Tell Us What You Think: The 3rd Mac DevCenter Surveyby Derrick Story
Editor's Note: As of Sept. 27, 2005, the survey is closed. Thanks to all who participated!
About a year and a half ago, we ran our second Mac DevCenter survey. The turnout was fantastic, and the information was helpful in terms of letting me know who you are and what you want. As a refresher, you can review what you said last year by reading the survey summary. Now it's time for round three, and I hope you'll participate again.
How It Looks
For those of you familiar with Zoomerang's surveys, this is one of those. It's fairly short; I took it in less than ten minutes, clicking on buttons that represented how often I visited the site, what technologies I work with, and so on.
There are about 30 multiple choice questions, plus a text field that allows you to submit comments up to 200 characters long. You can also include your email address if you want to enter a drawing for a chance to win great prizes, including $100 gift certificates for O'Reilly titles, Make magazine subscriptions, O'Reilly T-shirts, and copies of the latest issue of Make magazine.
In case you're wondering, we will not share the email addresses of survey participants with advertisers. That would actually undermine our business plan. Instead, if they want you as a customer, they have to attract your attention via our website or through sponsoring our newsletters.
We want this information for three primary reasons:
To refine our online editorial direction. If I see, for example, that a significant number of you like weblogs more than news articles, that's going to have an impact on my publishing lineup.
To influence book titles we pursue. Books are a lot harder to publish than online articles, and we want to make the best choices possible for our audience. This information could be the tipping point when debating between one title and another.
To describe our audience to sponsors. We try to make Mac DevCenter self-sufficient and not draw revenue away from our book program, especially in these tight times. But as you know, sponsorships are hard to come by these days. We can increase our odds of signing up a sponsor by having good information for them about the type of visitors we attract. The more self-sufficient we can make Mac DevCenter, the more secure its future.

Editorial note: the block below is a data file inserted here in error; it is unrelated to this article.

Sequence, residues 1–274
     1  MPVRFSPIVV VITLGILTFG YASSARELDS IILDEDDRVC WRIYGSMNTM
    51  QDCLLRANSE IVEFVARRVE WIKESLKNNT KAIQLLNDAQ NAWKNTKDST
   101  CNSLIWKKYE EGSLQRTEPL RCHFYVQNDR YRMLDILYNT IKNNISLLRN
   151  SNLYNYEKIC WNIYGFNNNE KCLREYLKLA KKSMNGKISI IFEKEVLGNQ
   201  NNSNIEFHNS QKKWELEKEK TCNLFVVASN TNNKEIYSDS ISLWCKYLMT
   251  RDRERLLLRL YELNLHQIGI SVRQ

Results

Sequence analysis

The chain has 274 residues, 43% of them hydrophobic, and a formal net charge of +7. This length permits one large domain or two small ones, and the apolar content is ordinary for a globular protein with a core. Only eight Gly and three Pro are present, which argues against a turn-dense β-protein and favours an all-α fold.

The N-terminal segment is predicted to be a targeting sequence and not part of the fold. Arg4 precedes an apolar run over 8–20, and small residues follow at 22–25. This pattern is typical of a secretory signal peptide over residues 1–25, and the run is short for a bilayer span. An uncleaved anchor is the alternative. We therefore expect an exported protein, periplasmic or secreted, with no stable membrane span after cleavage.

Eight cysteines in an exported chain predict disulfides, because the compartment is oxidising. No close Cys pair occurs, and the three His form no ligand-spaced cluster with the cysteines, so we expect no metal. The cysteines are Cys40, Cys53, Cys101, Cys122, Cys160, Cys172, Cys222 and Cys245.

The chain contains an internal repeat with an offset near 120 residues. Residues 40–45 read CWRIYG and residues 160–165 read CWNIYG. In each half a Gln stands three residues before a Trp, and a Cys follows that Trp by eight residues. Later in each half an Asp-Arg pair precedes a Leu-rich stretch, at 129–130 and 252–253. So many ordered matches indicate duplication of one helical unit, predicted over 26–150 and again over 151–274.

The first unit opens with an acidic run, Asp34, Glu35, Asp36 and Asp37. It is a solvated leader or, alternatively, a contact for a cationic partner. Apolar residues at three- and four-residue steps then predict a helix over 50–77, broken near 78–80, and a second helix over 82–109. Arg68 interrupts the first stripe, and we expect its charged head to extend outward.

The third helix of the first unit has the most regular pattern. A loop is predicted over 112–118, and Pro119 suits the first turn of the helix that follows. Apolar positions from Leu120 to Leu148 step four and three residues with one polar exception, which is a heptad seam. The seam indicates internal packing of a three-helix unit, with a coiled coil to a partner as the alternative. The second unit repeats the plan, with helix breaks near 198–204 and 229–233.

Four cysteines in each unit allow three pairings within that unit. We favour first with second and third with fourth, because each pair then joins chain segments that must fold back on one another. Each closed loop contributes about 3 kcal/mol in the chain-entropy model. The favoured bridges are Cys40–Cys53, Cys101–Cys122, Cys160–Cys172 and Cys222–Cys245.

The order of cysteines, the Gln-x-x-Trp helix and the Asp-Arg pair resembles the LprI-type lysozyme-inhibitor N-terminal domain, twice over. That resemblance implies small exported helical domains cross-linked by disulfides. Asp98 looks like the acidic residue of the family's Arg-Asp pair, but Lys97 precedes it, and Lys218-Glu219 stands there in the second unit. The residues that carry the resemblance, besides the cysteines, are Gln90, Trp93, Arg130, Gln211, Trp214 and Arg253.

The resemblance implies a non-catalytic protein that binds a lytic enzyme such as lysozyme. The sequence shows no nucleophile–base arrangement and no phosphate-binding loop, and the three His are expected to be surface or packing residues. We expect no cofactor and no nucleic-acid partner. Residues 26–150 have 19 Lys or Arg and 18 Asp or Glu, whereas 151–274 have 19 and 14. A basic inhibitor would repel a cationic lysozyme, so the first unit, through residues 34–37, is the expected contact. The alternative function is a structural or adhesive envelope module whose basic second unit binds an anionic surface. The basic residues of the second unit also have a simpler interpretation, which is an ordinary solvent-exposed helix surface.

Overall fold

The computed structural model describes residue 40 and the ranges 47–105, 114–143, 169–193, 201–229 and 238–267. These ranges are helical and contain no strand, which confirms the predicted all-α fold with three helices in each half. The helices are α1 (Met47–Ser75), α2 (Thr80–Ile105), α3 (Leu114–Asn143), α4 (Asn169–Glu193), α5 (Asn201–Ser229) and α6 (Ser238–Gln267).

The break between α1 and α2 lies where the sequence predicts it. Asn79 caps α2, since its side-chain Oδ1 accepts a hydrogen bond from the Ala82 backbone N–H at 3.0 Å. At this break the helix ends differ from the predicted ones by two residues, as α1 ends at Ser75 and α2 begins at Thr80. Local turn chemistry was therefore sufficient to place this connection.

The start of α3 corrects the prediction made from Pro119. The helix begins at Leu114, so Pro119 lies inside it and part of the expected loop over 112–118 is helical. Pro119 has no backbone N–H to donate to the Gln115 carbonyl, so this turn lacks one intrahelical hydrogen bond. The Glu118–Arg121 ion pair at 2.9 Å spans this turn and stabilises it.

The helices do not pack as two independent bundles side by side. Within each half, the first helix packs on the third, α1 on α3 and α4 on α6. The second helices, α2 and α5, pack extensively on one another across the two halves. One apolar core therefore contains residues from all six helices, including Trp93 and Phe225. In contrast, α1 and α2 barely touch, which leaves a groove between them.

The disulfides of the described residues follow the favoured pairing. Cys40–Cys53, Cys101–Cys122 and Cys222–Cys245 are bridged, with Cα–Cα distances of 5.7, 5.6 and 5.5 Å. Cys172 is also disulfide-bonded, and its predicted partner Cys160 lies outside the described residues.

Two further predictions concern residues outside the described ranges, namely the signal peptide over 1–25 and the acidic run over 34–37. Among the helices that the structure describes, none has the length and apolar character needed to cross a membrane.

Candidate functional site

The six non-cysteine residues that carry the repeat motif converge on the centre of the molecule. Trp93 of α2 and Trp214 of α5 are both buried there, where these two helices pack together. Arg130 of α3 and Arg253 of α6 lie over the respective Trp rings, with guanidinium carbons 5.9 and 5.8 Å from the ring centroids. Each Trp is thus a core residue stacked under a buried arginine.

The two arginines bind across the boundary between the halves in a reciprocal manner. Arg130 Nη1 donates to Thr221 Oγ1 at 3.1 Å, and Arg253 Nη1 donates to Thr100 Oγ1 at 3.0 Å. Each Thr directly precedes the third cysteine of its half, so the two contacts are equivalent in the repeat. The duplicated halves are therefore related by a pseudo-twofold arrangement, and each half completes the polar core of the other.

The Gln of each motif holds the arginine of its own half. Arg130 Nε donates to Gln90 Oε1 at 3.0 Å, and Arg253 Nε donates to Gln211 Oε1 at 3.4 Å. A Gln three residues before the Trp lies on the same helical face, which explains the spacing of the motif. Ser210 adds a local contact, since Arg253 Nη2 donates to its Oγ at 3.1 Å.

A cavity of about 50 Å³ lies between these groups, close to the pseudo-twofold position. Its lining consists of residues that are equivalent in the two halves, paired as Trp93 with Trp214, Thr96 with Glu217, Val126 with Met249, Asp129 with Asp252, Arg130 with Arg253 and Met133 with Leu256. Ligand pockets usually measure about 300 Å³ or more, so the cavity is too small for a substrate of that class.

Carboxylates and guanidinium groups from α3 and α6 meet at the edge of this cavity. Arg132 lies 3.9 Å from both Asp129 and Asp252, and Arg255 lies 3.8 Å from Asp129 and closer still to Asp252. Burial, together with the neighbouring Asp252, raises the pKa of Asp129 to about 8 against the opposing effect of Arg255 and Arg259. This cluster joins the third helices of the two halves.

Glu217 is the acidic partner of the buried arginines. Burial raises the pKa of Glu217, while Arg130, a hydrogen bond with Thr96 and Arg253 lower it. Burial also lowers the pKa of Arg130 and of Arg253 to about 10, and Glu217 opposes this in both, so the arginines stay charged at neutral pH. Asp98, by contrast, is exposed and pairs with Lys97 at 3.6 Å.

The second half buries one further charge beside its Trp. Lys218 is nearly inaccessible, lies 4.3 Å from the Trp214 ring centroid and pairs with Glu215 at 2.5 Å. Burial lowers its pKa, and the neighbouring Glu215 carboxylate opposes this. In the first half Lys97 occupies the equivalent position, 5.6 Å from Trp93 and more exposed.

OK, I'm going to give you the noble reason, then I'm going to appeal to your sense of competition.
First, the noble reason. We want to continue to offer Mac DevCenter for free. Your participation in this survey helps us do that by providing us with the demographic information we need to attract sponsors.
Plus, we want to give you the editorial content you want. If nobody is interested in IP over FireWire, I certainly don't want to waste your time publishing articles about it.
But there's something else too--we're going to be running a similar survey on ONJava.com. Last year, we blew their doors off by gathering more than twice as many surveys as they did in less than a week. No other O'Reilly site even came close to the participation on Mac DevCenter. So we've had bragging rights for the entire year. I'd really like to extend the bragging for another 12 months.
After the numbers are in and compiled, I'll write a brief summary of the results and publish them here on Mac DevCenter, just like I did last year. Seems like you'd want to know who your comrades are and what they are thinking.
Now's a Good Time
All you have to do is click on the survey link and tear through the multiple choice questions. Please add a brief comment about what you'd like to see offered here, or what you don't want to see. If you have more to say than can be captured in 200 characters, take the survey first, then send me an email, and I'll factor your comments into the final report.
And finally, thanks for your support these last five years. I've really enjoyed being your Mac editor.
Derrick Story is the author of The Photoshop CS4 Companion for Photographers, The Digital Photography Companion, and Digital Photography Hacks, and coauthor of iPhoto: The Missing Manual, with David Pogue. You can follow him on Twitter or visit www.thedigitalstory.com.
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